The physical experience of holding a cassette is a huge reason for tape’s appeal, and artists and labels take great care in designing the cover art, j-card fold out, and even the cassette itself. This, coupled with the fact that most releases are limited to at most a thousand or so copies, makes each cassette its own unique artifact and keepsake.
Oakland-based musician Mark Aubert, whose done cassette releases with labels including Acorn Tapes and Carpi Records, sums up this sentiment well: “We are still in the ‘honeymoon’ period of technology; data has moved away from the physical form and I think a lot of people are beginning to resist the shift, gravitating towards physical items to provide a more human, handmade quality.”
Another reason for the resurgence of cassette culture is the affordability of tapes for musicians, labels, and fans alike. Cassettes are much cheaper to produce than CDs or vinyl, and can be an eye-catching option for bands to sell at their merch tables for only a few bucks.
For Aubert, “The obvious advantage is cost. If all steps along the way are done properly, there is room for profit.” Adding that, “[Many] small labels would opt for vinyl, but the cost of production is a significant investment most cannot afford.”
A release on Lost Sound Tapes, for example, consists of 100 tapes, costing roughly $2.50 each to produce and then sold for $5 a piece. Although many DIY labels dub cassette copies on their own, Manning stresses the value of professional duplication: “Having tapes professionally duplicated is super important! It gives the best sound quality possible. Lost Sound Tapes started by duplicating tapes at home, but after 10 or so releases, [we] decided it was too time consuming and difficult to maintain our equipment to keep the quality at an acceptable level.”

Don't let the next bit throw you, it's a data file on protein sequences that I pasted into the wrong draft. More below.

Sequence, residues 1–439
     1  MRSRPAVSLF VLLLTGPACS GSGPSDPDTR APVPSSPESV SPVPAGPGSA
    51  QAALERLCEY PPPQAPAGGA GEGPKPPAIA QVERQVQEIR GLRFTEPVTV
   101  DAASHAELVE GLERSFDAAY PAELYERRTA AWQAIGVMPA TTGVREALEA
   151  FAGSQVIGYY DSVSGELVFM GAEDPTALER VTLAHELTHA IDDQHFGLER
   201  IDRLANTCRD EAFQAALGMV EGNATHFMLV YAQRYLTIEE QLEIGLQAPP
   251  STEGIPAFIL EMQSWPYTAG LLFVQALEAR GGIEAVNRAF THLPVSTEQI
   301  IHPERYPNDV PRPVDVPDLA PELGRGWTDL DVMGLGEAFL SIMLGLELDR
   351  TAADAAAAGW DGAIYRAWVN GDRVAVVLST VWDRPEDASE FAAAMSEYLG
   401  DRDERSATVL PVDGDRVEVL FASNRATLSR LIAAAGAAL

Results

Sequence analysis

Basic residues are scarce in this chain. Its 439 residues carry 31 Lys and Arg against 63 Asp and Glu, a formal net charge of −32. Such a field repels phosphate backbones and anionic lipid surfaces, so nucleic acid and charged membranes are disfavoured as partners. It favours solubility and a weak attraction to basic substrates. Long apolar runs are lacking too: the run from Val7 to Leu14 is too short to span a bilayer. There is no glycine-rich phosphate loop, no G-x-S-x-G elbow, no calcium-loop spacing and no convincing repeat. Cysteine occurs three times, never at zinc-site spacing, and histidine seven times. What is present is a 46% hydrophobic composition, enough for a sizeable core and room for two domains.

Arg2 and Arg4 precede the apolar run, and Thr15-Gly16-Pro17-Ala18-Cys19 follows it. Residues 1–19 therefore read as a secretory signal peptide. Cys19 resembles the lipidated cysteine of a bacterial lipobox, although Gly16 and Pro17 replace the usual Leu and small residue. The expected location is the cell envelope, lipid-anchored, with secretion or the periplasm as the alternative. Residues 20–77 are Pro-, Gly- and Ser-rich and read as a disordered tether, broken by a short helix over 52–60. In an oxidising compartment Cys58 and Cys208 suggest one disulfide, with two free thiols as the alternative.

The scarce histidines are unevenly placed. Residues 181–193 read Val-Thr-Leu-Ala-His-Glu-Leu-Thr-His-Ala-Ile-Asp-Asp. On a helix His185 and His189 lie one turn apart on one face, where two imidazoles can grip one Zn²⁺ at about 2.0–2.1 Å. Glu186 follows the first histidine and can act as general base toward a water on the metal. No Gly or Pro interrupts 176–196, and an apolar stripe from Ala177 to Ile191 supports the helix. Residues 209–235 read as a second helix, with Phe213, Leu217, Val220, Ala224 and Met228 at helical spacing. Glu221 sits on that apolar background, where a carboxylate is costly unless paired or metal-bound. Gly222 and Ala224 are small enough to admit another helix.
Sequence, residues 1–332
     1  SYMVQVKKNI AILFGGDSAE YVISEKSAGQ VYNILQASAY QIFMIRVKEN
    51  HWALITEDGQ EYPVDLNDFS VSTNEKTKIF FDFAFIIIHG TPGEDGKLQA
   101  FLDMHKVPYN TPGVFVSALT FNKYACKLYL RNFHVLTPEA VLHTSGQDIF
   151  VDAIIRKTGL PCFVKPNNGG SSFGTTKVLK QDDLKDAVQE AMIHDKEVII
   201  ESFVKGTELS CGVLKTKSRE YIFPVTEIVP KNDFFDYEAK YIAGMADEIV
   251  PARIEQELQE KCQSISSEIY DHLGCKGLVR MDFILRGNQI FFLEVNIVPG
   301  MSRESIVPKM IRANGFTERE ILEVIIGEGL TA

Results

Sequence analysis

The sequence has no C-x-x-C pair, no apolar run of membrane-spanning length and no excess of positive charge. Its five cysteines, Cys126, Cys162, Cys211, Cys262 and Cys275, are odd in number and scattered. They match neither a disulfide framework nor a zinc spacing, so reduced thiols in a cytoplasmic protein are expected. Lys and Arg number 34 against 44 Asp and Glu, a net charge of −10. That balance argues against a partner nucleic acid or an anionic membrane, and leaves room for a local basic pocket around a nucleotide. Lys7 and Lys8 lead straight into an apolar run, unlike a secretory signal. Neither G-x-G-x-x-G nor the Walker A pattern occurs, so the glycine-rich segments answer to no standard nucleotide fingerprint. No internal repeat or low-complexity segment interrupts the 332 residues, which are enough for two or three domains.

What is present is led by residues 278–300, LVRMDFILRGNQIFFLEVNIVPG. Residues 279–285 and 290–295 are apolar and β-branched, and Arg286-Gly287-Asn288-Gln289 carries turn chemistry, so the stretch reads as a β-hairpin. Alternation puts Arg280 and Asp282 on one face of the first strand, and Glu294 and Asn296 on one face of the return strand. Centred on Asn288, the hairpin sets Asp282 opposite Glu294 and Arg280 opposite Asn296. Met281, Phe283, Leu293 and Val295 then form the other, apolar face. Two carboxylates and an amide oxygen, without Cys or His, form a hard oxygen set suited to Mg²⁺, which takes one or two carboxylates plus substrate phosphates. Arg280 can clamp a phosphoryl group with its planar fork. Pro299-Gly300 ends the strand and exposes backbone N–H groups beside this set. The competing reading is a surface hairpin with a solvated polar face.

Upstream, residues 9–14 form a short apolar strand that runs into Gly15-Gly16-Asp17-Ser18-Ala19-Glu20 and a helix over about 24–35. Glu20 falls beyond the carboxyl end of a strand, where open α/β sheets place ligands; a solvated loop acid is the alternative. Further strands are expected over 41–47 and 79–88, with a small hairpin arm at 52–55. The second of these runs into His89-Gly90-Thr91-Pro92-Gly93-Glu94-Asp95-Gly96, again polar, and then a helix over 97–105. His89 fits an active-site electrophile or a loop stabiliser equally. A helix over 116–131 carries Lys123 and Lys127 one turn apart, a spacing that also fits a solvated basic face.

Unlike vinyl, which saw a 52% increase in 2014, it’s difficult to pin down exactly what the state of the cassette industry looks like in terms of sales. Tapes are rarely tracked or bar-coded, and are often self-produced by bands and DIY labels that sell directly to fans online or at shows. Anecdotal evidence, however, points to a small, but engaged niche audience that is steadily growing. Marc Weinstein, founder of California’s fabled Amoeba Records, told Newsweek he’s seen tape sales increase substantially over the past few years, while Burger Records claims to have sold over 300,000 cassettes since its founding.
Craftsmanship and affordability are great, but how do cassettes really sound? Although the old cassette tape has a bit of reputation for being unreliable and sounding, well, shitty, the warm analogue and sometimes lo-fi sound perfectly suites the garage rock, punk, noise, experimental, and instrumental hip-hop artists who champion the format. “The hiss is back,” proclaims Manning. “Everyone hated it for decades and did everything in their power to get rid of it, but now people love to keep it in.”